One night I was sleeping peacefully, dreaming sweet dreams when Farm Dog Jesse – who sleeps on the bed - exploded next to my ear in a snarling, growling, barking frenzy.  He does not do this often but when he does it is not good for my blood pressure and my first coherent (unkind) thought is always that I really need to get a new dog.  After the initial explosion, Farm Dog Jesse leaps from the bed and races from one end of the house to the other making a God-awful racket and looking for something to kill.  Finding no intruders inside, he then assaults the back door.  It is a performance worthy of Cujo.

 

Though I would prefer that he were a little less committed to the role, I really cannot fault him for he is just doing his job of warning me that predators have come to the backyard for some chicken tartar.  Indeed, by the time he was trying to chew through the back door I had become aware of an ominous whispering, hissing sort of sound coming from the yard through my open bedroom window.  I really did not want to find out what sort of hellish creature was out there and I seriously considered crawling back under the covers.  But the dog was doing his job and I must do mine.  So I threw on some clothes and grabbed a flashlight.

Predators!

Now, If Farm Dog Jesse were even half as ferocious as he sounds, I could simply open the back door and let him take care of business.  But the truth is he is a twenty-four pound dog who lives in a house, sleeps on a bed and eats food that magically appears in his bowl twice a day.  He knows nothing of the World of the Wild and anything lurking in the yard would likely have him for lunch.  (He was once bested by a squirrel.  But that’s a whole other story…….) 

The next morning I felt somewhat guilty at having abandoned my chickens in their time of need but when I went out to check on them everything appeared as it should be.  The raccoons were gone, the girls popped out of the coop and went about pecking and scratching the yard as though nothing had happened and Farm Dog Jesse had stopped exploding.  All was right with the world and I felt that I had handled the situation well and prevailed over the predators.  Until I noticed the corn.  What had been a beautiful, nearly-ripe crop of corn was now a carnage of shredded plants and decimated cobs strewn over the ground.  There were a few bites taken from some of the cobs but the evidence at the scene suggested that destruction rather than hunger was the primary motivation behind this wanton act of vandalism.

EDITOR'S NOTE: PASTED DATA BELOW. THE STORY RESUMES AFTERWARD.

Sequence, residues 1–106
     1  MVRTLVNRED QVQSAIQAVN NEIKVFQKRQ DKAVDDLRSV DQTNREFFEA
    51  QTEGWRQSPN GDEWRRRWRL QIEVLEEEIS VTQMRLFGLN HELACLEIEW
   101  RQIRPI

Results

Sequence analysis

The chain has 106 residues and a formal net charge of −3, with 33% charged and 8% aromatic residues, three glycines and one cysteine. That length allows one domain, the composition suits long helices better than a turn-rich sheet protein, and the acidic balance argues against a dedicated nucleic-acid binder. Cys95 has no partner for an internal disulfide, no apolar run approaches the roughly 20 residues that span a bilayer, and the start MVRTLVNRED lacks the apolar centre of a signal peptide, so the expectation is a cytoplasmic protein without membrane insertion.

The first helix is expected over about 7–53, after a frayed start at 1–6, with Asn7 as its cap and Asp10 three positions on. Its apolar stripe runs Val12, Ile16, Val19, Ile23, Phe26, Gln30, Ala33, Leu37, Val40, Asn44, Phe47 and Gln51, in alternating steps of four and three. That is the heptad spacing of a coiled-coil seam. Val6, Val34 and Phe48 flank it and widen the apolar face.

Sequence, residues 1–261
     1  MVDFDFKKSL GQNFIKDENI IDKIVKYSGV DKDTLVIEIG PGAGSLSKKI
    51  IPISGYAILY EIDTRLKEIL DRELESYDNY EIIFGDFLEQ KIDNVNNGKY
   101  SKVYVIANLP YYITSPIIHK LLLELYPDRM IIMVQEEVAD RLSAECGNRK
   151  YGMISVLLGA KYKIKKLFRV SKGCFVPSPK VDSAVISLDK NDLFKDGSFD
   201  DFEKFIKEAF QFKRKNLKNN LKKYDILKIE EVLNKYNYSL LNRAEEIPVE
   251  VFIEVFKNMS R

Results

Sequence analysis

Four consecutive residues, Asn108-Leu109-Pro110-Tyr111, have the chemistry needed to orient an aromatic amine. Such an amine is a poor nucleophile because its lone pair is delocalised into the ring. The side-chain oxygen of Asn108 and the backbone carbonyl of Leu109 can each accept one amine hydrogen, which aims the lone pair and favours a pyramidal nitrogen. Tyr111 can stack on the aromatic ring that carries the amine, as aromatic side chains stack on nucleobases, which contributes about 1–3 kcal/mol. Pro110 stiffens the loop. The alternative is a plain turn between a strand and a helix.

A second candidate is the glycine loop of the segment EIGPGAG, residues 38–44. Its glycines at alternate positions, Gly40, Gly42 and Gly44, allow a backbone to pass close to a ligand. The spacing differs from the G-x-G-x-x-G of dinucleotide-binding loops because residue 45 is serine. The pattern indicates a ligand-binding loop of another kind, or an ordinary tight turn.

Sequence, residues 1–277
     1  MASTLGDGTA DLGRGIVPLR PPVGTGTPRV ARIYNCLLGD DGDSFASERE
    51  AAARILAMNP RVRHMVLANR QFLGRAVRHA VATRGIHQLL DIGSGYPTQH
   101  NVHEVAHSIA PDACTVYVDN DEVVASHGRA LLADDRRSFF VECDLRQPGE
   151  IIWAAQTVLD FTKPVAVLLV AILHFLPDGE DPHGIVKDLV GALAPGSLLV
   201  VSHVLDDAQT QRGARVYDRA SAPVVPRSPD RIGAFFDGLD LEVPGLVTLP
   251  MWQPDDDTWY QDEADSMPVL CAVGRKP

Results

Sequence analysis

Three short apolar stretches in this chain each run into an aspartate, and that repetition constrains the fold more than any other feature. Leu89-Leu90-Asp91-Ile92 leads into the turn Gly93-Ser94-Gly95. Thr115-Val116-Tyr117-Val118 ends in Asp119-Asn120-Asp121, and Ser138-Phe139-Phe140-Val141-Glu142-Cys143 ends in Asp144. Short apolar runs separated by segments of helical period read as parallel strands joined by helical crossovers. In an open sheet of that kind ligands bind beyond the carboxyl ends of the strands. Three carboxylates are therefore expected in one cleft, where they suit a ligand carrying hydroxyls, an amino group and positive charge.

Apparently the raccoons were unhappy about the chicken dinner that was denied them and were out for revenge.

So I went alone out into the dark, moonless night conjuring nightmare images of feathers and blood and chicken bits and pieces all over the yard.  But the feeble light from my flashlight revealed no evidence of murder and mayhem.  The coop had not been breached and when I shined the light into the little coop window my girls were all there, alive and unharmed although they had been transformed into frozen-in-fright, unblinking, wide-eyed cartoon caricature chickens. 

I breathed a sigh of relief but just as I was complementing myself on a job well-done I became aware of soft, trilling, warbling sounds.  Coming from above me.  (It was a Hitchcock moment if ever there was one).  With trepidation I slowly directed the beam of my flashlight up into the branches of the nearby tree and there, staring down at me, were four very large raccoons.  Now, raccoons look soft and cuddly and ever so cute with their shiny eyes and Lone Ranger masks but they are actually vicious, voracious creatures who eat anything and fear no one.  I grabbed the pole trimmer that was leaning against the tree and waved it at them to show that I too was a powerful force.  The nearest raccoon responded by hissing and starting down the tree toward me.  I threw the pole trimmer up into the air and ran back into the house